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Why a Former Militant’s Killing Triggered Crisis in Meghalaya

The death of Cherishterfield Thangkhiew, a former militant of the outlawed Hynniewtrep National Liberation Council (HNLC), in a police operation has led to a crisis in Meghalaya. Stone pelting, vandalism and arson rocked Shillong on Sunday, and it has been placed under curfew until August 18. Home Minister Lahkmen Rymbui has resigned calling for a judicial probe “to bring out the truth”. The Internet has been blocked for 72 hours in four districts and central forces have been deployed.

Who was Cherishterfield Thangkhiew?

  • Thangkhiew, 57, was the founding general secretary of the separatist HNLC. In October 2018, he came overground in Shillong while the government claimed he had “surrendered”, he maintained he had “retired”, mostly because of ill health.
  • However, the Meghalaya Police say Thangkhiew had become “active” in the last six months and they had “clear indications” of his involvement in two low-intensity blasts in Khliehriat, East Jaintia Hills in July, and in Shillong’s Laitumkhrah market last week, in which two people were injured. Meghalaya DGP R Chandranathan told The Indian Express that they had “clinching evidence” of his involvement, and a tip-off that another blast was being planned. “We went to pick him but this unfortunate thing happened.”

What is the history of separatist militancy in Meghalaya?

  • According to the Centre for Development and Peace Studies (CDPS) an independent research centre in Assam, insurgency in Meghalaya “started as a movement against the domination of the ‘dkhars’ (outsiders)”.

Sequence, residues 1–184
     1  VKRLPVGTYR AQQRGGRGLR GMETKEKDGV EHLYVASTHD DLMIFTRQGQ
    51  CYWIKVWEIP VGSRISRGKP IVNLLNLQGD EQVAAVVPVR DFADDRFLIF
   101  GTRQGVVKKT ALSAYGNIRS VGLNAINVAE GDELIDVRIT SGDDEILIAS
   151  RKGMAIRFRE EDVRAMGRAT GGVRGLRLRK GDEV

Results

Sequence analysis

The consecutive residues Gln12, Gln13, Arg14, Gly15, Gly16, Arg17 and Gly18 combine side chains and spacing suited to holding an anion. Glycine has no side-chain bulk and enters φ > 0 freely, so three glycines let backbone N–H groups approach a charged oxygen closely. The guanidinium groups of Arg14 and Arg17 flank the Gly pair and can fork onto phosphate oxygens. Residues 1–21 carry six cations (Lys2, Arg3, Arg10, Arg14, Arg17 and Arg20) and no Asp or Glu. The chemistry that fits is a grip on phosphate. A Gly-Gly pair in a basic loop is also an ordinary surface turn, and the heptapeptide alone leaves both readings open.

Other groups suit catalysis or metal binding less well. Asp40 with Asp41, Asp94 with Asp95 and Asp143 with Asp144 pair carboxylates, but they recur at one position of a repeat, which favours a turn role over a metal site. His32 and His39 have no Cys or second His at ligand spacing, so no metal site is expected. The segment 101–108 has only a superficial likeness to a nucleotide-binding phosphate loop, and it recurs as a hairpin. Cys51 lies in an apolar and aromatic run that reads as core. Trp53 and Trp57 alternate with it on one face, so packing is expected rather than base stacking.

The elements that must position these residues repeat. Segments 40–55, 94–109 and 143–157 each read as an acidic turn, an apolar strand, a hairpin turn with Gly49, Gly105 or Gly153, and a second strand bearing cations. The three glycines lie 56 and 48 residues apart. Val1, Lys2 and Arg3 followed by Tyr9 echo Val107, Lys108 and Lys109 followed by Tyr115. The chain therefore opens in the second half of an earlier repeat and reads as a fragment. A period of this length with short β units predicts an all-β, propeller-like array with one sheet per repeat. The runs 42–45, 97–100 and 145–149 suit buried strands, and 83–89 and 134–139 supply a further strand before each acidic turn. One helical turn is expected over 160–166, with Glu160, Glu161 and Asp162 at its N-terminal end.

• The first prominent separatist militant tribal organisation of the state, Hynniewtrep Achik Liberation Council (HALC), was formed in the mid-1980s, with Thangkhiew as co-founder. ‘Hynniewtrep’ refers to the Khasi and Jaintia communities, and ‘Achik’ to the Garo community.

How active are militants today?

In the early 2000s, the HNLC would frequently call for bandhs, boycott Independence Day, carry out extortions etc. According to the CDPS website, “sustained counter insurgency operations, over the years, weakened both the outfits”. “Since July 23, 2004, the ANVC is under an extended ceasefire agreement with the government… while HNLC’s top leadership, based in Bangladesh, continue to resist any type of peace deals,” it said.

What explains the public reaction to the militant leader's death?

  • On Sunday, hundreds joined a funeral procession for Thangkhiew, and a conglomerate of pressure groups called for a “black flag day” and put up banners in Shillong demanding justice for him.
  • “The former militant became an urban legend, a martyr of sorts,” Mukhim said.
  • Amid violence across the city, two petrol bombs were hurled at CM Conrad Sangma’s home in Upper Shillong.

What are the political ramifications?

  • The resignation of Home Minister Rymbui, who belongs to the United Democratic Party, an ally of CM Sangma’s National People’s Party, has put the government in a spot. In a video statement, he said he had taken the step after consultation with his party’s leadership.
  • At a press conference on Monday, Sangma said he had received Rymbui’s letter but “not made a decision yet”. “As a chief minister, I have to look at all aspects of the state’s security and overall situation… Keeping all these aspects in mind, I will examine and take a decision at the appropriate time,” he said.

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